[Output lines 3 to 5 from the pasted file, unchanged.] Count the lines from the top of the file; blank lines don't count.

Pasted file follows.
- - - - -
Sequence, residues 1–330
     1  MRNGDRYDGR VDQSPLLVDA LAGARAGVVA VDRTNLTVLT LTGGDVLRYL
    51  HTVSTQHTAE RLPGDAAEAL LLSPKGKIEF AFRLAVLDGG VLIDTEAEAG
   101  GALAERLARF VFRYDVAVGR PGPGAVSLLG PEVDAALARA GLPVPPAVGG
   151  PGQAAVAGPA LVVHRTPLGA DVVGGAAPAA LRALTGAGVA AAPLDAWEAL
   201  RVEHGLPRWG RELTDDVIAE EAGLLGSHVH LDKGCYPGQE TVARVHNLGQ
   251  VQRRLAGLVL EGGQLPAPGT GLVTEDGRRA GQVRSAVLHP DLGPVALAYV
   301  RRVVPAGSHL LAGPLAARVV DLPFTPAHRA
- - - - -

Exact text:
    51  HTVSTQHTAE RLPGDAAEAL LLSPKGKIEF AFRLAVLDGG VLIDTEAEAG
   101  GALAERLARF VFRYDVAVGR PGPGAVSLLG PEVDAALARA GLPVPPAVGG
   151  PGQAAVAGPA LVVHRTPLGA DVVGGAAPAA LRALTGAGVA AAPLDAWEAL